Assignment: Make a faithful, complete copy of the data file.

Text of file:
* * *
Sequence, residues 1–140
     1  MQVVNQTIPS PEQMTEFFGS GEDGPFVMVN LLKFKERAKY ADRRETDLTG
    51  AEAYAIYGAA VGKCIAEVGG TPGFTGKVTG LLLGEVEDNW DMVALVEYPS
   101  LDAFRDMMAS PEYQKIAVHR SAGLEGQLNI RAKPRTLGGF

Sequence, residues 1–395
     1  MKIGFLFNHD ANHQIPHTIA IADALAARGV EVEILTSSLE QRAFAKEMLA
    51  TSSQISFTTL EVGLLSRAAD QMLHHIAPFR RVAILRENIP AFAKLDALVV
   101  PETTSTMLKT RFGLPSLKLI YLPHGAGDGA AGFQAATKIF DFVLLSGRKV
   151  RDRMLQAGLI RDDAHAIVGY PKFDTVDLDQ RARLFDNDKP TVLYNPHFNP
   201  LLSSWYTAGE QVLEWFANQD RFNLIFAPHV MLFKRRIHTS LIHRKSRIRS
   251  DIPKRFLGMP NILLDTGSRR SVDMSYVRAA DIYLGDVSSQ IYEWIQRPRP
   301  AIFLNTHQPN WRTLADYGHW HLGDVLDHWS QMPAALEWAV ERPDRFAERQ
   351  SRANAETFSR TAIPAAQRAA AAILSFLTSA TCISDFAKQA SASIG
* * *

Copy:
Sequence, residues 1–140
     1  MQVVNQTIPS PEQMTEFFGS GEDGPFVMVN LLKFKERAKY ADRRETDLTG
    51  AEAYAIYGAA VGKCIAEVGG TPGFTGKVTG LLLGEVEDNW DMVALVEYPS
   101  LDAFRDMMAS PEYQKIAVHR SAGLEGQLNI RAKPRTLGGF

Sequence, residues 1–395
     1  MKIGFLFNHD ANHQIPHTIA IADALAARGV EVEILTSSLE QRAFAKEMLA
    51  TSSQISFTTL EVGLLSRAAD QMLHHIAPFR RVAILRENIP AFAKLDALVV
   101  PETTSTMLKT RFGLPSLKLI YLPHGAGDGA AGFQAATKIF DFVLLSGRKV
   151  RDRMLQAGLI RDDAHAIVGY PKFDTVDLDQ RARLFDNDKP TVLYNPHFNP
   201  LLSSWYTAGE QVLEWFANQD RFNLIFAPHV MLFKRRIHTS LIHRKSRIRS
   251  DIPKRFLGMP NILLDTGSRR SVDMSYVRAA DIYLGDVSSQ IYEWIQRPRP
   301  AIFLNTHQPN WRTLADYGHW HLGDVLDHWS QMPAALEWAV ERPDRFAERQ
   351  SRANAETFSR TAIPAAQRAA AAILSFLTSA TCISDFAKQA SASIG